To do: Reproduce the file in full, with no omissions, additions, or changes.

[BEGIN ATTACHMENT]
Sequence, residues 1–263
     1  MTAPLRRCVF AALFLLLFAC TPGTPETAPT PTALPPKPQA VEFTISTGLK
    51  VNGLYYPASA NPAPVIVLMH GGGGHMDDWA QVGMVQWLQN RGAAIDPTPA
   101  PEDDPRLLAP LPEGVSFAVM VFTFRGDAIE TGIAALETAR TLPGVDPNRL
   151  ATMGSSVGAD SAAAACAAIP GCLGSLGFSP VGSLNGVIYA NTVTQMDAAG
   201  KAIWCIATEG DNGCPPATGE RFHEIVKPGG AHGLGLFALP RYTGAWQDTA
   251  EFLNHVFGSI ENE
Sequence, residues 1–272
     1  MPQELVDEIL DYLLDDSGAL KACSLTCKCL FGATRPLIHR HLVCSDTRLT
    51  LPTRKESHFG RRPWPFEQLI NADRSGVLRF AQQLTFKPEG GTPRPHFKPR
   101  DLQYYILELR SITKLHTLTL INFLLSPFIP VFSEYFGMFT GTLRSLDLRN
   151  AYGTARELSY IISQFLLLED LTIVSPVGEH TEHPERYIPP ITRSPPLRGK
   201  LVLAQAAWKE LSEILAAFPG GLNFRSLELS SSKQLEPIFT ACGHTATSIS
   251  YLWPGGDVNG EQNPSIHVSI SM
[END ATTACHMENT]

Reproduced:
Sequence, residues 1–263
     1  MTAPLRRCVF AALFLLLFAC TPGTPETAPT PTALPPKPQA VEFTISTGLK
    51  VNGLYYPASA NPAPVIVLMH GGGGHMDDWA QVGMVQWLQN RGAAIDPTPA
   101  PEDDPRLLAP LPEGVSFAVM VFTFRGDAIE TGIAALETAR TLPGVDPNRL
   151  ATMGSSVGAD SAAAACAAIP GCLGSLGFSP VGSLNGVIYA NTVTQMDAAG
   201  KAIWCIATEG DNGCPPATGE RFHEIVKPGG AHGLGLFALP RYTGAWQDTA
   251  EFLNHVFGSI ENE
Sequence, residues 1–272
     1  MPQELVDEIL DYLLDDSGAL KACSLTCKCL FGATRPLIHR HLVCSDTRLT
    51  LPTRKESHFG RRPWPFEQLI NADRSGVLRF AQQLTFKPEG GTPRPHFKPR
   101  DLQYYILELR SITKLHTLTL INFLLSPFIP VFSEYFGMFT GTLRSLDLRN
   151  AYGTARELSY IISQFLLLED LTIVSPVGEH TEHPERYIPP ITRSPPLRGK
   201  LVLAQAAWKE LSEILAAFPG GLNFRSLELS SSKQLEPIFT ACGHTATSIS
   251  YLWPGGDVNG EQNPSIHVSI SM